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AGAIN, NIGERIANS WANT TO TALK

By NBF News
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Concerned Nigerians described by the media as eminent Nigerians gathered last week under the aegis of the National Summit Group to discuss the various problems negatively affecting the nation.

The Summit that lasted two days was held at the Sheraton Hotel, Ikeja. A communiqué issued after the summit emphasized the need for a National Conference (NC) to enable Nigerians decide on how they want to live together.

A Sovereign National Conference (SNC) implies that whatever is decided at the roundtable conference of elected and selected Nigerians would not be subject to review by any other body. The conveners of the summit were careful in drafting the communiqué. They made sure that the word 'sovereign' was not included. The decision is interpreted to mean a deliberate move not to put off some powerful interests.

In the past, organizations such as the National Democratic Coalition (NADECO), the MNR led by the late Chief Anthony Enahoro and Afenifere, a Yoruba Social cultural group had maintained that only the convocation of a sovereign National Conference can ensure that Nigerians live happily together. But the inclusion of the word 'sovereign' is always considered offensive in certain quarters. It is usually interpreted to mean a call for true federalism or even con- federalism.

True federalism as practised during the first Republic would see Nigeria reverting to the agreement reached at the 1958 London constitutional conference that the various regions should pay certain percentage of its revenue to the Federal Government and that each region should be allowed to develop at its own pace. In practical terms, the Federal Government would effectively take charge of currency; defense and diplomacy while the states would effectively take charge of the economy. It is a situation in which the Federal Government will rely on payment of part of the revenue that accrues to states. If for any reason, the state refuses to pay, the Federal Government would be starved of fund. That is a situation considered unthinkable in certain quarters.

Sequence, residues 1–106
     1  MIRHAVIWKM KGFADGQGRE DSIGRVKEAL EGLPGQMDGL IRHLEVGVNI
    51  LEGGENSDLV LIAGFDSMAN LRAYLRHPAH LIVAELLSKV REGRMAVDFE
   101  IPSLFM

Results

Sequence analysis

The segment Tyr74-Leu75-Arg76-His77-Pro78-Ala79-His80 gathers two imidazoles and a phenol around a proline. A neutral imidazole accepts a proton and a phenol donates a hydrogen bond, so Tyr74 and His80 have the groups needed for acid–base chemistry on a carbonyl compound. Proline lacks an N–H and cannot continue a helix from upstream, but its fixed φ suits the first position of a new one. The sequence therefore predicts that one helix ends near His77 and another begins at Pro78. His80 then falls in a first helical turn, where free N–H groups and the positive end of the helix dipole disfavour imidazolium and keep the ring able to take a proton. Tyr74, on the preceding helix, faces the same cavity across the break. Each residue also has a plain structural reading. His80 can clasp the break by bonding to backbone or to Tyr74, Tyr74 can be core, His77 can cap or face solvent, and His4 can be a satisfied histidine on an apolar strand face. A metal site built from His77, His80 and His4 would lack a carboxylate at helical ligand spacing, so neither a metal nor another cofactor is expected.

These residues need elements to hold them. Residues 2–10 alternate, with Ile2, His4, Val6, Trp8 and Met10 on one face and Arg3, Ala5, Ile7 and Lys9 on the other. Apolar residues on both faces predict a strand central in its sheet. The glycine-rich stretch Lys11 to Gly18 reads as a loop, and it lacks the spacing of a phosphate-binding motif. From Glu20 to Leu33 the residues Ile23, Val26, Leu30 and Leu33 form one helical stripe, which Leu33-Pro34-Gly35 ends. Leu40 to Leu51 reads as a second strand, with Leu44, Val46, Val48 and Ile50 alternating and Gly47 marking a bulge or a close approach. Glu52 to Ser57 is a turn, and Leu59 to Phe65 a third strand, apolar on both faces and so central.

Those opposed to true federalism or confederation argue that it is a slippery step towards disintegration. Besides, a Federal Government without fund is like a hollow shell. Reference is easily made to the popular Aburi Accord when Odumegwu Ojukwu successfully argued for a con federal system. When the agreement reached was interpreted, it became obvious that a weak centre would ensure the disintegration of the country. Nigeria lost one million lives to the 30-month civil war that followed

The groups that often call for National Conference are usually from the South. The organizers of last week summit ensured that there were notable leaders from all the six-geo political zones in the country present. Those in attendance included:

Professor Pat Utomi, Chief Olu Falae, Audu Ogbe, Balarabe Musa, Ben Nwabueze, Federick Fasehun, Edwin Clark, Kalu Idika Kalu, Chukwuemeka Ezeife, Felix Ibru, Alabo Graham Douglas, Grace Eke, Saliba Mukoro, Yakubu Alkali, Obong Victor Attah, Ms Anukio Briggs, Femi Falana, Adeyemi Adedapo, Mike Ozekhome, Abdulaham Ahmad and Professor Akin Oyebode.

Others are: Kimse Okoko, Bassey Ewa Henshaw, Jide Olajide Cairo Ojuogboh, Nene Lamvah Prof. Bagoro, Ireh Doyle, Peter Esan, John Nnia Nwodo, Nasa Kura, Ganiyat Fawehinmi, Mamhud Othman Arthur Nwankwo, Femi Fani-Kayode, Sam Ohabunwa, Tari Yeri, Joy Okunnu and Sehidu Gbogbo. Ben Birabi, Chike Ogeah, Kenny Okulugbo, Ishaq Akintola, Bolanle Awe, Seye Ogunlewe, Saint Obi, Adewale Balogun, Wale Okunniyi and Kenzy Kentenbe.

According to the communiqué at the end of the summit: The ultimate goal of the Eminent National Leaders of Thought Dialogue is the convocation of a national conference of constituent units that can produce a truly people's constitution. It reads in part: 'The issues constraining our development as a nation include systemic corruption, insecurity, infrastructural deficiencies, lack of credible electoral process, bad leadership and collective defective structure of the Nigerian Federation backed by a floored constitution.'

The Chairman of the summit, Pat Utomi told the 150 delegates that it was a call to rescue the country from looming danger by charting the way forward. He said: 'The fragile unity binding the country is under threat. Poverty, insecurity, poor management of resources, poor leadership and greed has become the order of the day.